More eternal than Rome – Damascus

In the Thick of Things

In contrast to us Germans people from Damascus don’t eat much during the day. Well, being in the thick of Damascus’ tiny souk lanes I was starving to pieces but God (hallelujah!) sent me a Shawarma stall and brought the Shawarma guy the business of his life as I gorged everything coming across. Changing his mien from hospitality to pure astonishment he said “Man, you eat Shawarma like pretzel sticks!”

Well, that was no surprise as the wonderfully flavoured Shawarma from Damascus was the best I’ve eaten during my whole Arabia trip. You roll grilled marinated chicken, some tomato, gherkin and (very important) a dash of wether lard, spice it Arabian and roll it into a flatbread. Perfect for lunch, dinner and even breakfast!

Literally having a little ball belly being filled with food I wander back through old town letting myself drifting away. The mass of people took me to a quarter to the north of Umayyad Mosque, where suddenly an old man beckoned to me to come nearer. He pulls out a key and in the blink of an eye we stood inside a splendid inner courtyard with a rippling fountain in the middle and an orange tree with water spray sparkling leafs. Watching the clouds moving he brings me back to earth offering me some black tea with mint leafs. How could I say no to such a delicacy?

Again the old man pulls out a key and instantly we stand amidst the cultural assets of the Dhaheriyah library, with its countless and wonderfully calligraphy graced book backs. On the opposite side of the road yet another time the old man pulls a key and opens heavy doors. Behind the curtain is a marble outfitted room that turns out to be a tomb, the final resting place of Sultan Baibars I., who sent the Crusaders back home and who has got a similar public reputation like Saladin.

On Fridays Islamic cities can be surprisingly lifeless as then the usually life filled and bustling lanes of the Souk are empty like an alcoholic’s beer bottle. Not even the merest stall is open. Walking in the vicinity of Straight Street I notice an open garage revealing one of Damascus cutest secret, the mini trucks of the fire brigade, which are just small enough to fit the narrow lanes of old town. The day before, on a Thursday, bear the fire brigade colourful painted and tinsel-laden busses drove towards Bab Sharqi, the eastern gate of old town.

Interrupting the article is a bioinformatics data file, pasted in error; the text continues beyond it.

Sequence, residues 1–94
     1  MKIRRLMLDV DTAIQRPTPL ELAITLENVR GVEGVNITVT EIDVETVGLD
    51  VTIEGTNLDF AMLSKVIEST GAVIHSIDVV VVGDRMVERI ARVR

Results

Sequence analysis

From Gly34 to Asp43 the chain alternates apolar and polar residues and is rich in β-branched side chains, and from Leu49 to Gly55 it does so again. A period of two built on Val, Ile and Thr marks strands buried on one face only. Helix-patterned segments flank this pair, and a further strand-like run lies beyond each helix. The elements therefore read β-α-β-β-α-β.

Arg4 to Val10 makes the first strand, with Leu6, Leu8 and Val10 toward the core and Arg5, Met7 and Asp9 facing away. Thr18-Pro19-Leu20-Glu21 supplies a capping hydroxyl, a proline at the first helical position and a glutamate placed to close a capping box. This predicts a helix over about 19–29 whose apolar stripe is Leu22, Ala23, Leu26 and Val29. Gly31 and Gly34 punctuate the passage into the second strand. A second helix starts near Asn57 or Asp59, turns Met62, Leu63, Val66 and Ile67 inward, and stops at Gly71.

Their buzzing Diesel engines could be heard from far away already and rudely awakened the Medina from deep slumber, but what looked a bit like a military transport was absolutely innocuous as school busses brought kids living in Damas’ suburbs back home. Their noses flatten on the bus windows as they curiously watch me strolling through old town.

But let’s get back to Friday, the Muslim Sunday, where I suddenly found myself in a mass of untamed yelling people. To be honest, I was yellow as I was amidst a situation that I often saw on TV, only a burning USA flag was missing. But I was soooo wrong. Quickly it turned out that those people wanted me to come with them as they wanted to show me something. The whole situation was far away from anti-Arabic cheap propaganda aired by unobjective western TV stations. The people and their procession took me to Shiite Sayyidah Ruqayya Mosque, where entering meant to climb a mountain of shoes first.